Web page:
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Terrorism & Security

Somali militants hinder humanitarian aid

Islamist forces in Somalia have launched fresh attacks, worrying international aid groups.

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By 1993, the United Nations mounted a humanitarian operation in Somalia to stave off famine induced by civil war. An ill-fated US incursion into Mogadishu in October left 19 US soldiers dead the same year, according to "Black Hawk Down," a book and newspaper series by Philadelphia Inquirer journalist Mark Bowden and later a film of the same name.

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Freelance warlords and Somalia's Islamists were routed out in late 2006 by an onslaught from neighboring Ethiopia with Somalian government forces, reported The Christian Science Monitor.

The campaign against Somalia's Islamists is a new phase in the wider struggle against armed militants. The campaign, however, may have added to tensions as many Somalians see the Ethiopia-allied forces as occupiers rather than liberators. The two countries, which have fought two wars in the last 45 years, have a longstanding rivalry. Ethiopia also has a large Christian population, whereas Somalia is mostly Muslim.

The UN Security Council is considering several options for stabilizing Somalia, the Voice of America reports. The options include sending another UN peacekeeping force to the country to take over from the current African Union force. Secretary-General Ban Ki Moon has laid out the options for the Security Council to mull in a new report on Somalia.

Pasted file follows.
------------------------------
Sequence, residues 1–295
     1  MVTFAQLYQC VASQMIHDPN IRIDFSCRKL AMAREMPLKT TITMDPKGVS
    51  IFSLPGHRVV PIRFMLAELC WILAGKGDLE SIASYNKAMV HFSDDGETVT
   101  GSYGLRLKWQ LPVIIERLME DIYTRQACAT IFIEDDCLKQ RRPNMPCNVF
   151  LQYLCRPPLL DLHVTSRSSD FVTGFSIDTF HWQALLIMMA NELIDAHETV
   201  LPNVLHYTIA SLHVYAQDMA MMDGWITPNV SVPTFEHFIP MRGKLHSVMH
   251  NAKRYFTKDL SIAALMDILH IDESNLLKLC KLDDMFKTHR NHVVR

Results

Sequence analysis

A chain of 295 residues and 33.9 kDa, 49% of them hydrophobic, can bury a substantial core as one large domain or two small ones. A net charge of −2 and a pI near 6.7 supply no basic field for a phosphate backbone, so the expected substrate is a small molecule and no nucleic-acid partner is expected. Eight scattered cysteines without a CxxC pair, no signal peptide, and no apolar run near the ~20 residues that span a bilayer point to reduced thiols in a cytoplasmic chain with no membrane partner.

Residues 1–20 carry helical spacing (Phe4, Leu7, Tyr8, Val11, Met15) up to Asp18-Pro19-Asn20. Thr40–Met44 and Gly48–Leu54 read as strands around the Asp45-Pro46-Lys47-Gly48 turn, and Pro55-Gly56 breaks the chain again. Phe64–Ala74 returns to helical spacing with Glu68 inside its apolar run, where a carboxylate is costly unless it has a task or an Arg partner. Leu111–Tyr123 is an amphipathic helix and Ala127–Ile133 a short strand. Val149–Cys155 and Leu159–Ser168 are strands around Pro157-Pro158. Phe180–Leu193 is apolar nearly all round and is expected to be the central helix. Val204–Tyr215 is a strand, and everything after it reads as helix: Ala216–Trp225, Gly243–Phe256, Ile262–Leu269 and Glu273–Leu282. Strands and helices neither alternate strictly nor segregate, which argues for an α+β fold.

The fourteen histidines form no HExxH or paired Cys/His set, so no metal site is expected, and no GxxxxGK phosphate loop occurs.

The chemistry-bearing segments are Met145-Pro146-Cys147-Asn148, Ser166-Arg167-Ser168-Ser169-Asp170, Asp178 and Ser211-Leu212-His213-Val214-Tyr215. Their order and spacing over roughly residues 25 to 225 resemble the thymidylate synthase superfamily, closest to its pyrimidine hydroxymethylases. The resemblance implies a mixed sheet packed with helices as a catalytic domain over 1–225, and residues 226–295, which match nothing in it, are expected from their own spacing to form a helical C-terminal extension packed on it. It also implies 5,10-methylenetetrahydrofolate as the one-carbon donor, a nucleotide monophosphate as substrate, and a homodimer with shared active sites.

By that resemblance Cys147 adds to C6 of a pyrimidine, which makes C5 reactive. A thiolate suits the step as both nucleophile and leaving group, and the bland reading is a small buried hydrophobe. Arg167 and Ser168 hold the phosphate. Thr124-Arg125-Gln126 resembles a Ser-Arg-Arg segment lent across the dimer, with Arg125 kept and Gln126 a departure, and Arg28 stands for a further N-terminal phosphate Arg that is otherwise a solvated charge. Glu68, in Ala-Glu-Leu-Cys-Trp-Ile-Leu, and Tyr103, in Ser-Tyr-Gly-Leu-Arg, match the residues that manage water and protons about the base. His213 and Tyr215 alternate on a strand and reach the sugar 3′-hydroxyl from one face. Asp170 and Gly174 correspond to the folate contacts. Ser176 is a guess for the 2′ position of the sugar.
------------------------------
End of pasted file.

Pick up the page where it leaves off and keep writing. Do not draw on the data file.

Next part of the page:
Senior UN peacekeeping officials, however, said they were concerned about sending peacekeepers into Somalia while the security situation is so unstable and the Transitional Federal Government is unable to maintain law and order. Edmond Mulet, the assistant Secretary-General for Peacekeeping Operations, said:

The report outlined four scenarios for future troop deployments in Somalia. Two included international troops, but only if certain conditions were met. One scenario included a stabilization force of about 8,000 troops and police with a phased withdrawal of Ethiopian troops from Mogadishu. Another could see a political reconciliation involving powersharing among political parties and a peace agreement, including the deployment of more than 28,000 UN peacekeeping troops.

Currently, Mr. Ban is only recommending relocation of some UN staff from nearby Kenya to Mogadishu. Another proposal included setting up a Maritime Task Force, which would support efforts from France and Denmark to protect humanitarian aid ships from marauding sea pirates.

US Ambassador to the UN Zalmay Khalilzad, however, was quoted as saying that "we are not close to deploying the peacekeeping forces."

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